by Martin Rees
If the number one question astronomers are asked is, Are we alone?, the number two question is surely, Do you believe in God? My conciliatory answer is that I do not, but that I share a sense of wonder and mystery with many who do.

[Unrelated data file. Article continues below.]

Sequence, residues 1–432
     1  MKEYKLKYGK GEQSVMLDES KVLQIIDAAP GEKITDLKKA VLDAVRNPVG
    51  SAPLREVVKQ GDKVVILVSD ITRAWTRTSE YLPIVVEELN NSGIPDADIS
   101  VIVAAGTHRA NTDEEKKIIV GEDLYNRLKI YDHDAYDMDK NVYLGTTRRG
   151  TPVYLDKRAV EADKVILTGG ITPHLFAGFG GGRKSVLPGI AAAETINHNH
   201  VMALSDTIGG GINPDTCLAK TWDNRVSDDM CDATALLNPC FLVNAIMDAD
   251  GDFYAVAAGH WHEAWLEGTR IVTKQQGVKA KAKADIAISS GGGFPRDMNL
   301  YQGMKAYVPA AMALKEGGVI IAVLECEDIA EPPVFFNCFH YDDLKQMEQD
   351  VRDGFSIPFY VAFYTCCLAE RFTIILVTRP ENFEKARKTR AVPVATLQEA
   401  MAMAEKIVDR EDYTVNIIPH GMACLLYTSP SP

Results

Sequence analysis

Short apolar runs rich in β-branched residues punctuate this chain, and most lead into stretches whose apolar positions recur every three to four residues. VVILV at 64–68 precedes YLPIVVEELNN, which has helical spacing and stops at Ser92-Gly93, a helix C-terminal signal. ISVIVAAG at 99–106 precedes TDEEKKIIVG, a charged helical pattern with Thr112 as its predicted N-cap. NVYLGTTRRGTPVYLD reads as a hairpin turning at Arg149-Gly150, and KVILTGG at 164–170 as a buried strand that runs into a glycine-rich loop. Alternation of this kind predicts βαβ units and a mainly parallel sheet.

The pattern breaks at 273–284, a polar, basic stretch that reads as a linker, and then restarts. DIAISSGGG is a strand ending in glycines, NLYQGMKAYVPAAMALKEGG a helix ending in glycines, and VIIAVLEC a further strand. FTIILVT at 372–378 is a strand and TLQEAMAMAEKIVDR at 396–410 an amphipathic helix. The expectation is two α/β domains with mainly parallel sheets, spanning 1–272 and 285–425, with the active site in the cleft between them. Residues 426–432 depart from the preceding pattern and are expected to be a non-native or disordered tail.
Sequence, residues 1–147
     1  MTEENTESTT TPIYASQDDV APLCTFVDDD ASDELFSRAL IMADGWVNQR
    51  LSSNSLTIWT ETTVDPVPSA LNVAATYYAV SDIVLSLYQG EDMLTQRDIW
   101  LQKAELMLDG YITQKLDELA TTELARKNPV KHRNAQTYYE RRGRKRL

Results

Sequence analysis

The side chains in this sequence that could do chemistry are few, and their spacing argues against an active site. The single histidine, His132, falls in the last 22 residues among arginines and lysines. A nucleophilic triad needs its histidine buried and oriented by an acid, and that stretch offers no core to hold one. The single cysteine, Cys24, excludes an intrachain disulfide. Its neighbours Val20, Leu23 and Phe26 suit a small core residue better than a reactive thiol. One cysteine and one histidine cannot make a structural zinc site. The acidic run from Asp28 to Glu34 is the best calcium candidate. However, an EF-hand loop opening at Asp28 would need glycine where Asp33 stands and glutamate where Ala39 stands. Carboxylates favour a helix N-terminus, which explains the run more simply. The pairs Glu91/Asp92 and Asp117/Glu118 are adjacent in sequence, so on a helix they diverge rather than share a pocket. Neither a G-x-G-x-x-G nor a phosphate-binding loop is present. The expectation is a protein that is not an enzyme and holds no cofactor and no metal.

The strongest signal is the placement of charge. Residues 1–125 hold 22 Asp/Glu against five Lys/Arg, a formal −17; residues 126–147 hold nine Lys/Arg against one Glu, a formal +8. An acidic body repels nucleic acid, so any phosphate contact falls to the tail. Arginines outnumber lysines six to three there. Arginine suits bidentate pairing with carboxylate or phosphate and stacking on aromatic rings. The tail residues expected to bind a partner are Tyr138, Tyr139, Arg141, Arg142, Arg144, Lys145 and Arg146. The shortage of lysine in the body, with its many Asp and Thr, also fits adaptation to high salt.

The interface between science and religion still engenders controversy, even though there has been no essential change since the seventeenth century. Newton’s discoveries triggered a range of religious (and antireligious) responses. So, even more, did Charles Darwin in the nineteenth century. Today’s scientists evince a variety of religious attitudes; there are traditional believers as well as hard-line atheists among them. My personal view–a boring one for those who wish to promote constructive dialogue (or even just unconstructive debate) between science and religion–is that, if we learn anything from the pursuit of science, it is that even something as basic as an atom is quite hard to understand. This should induce scepticism about any dogma, or any claim to have achieved more than a very incomplete and metaphorical insight into any profound aspect of existence. As Darwin said, in a letter to the American biologist Asa Gray: ‘I feel most deeply that the whole subject is too profound for the human intellect. A dog might as well speculate on the mind of Newton. Let each man hope and believe as he can’.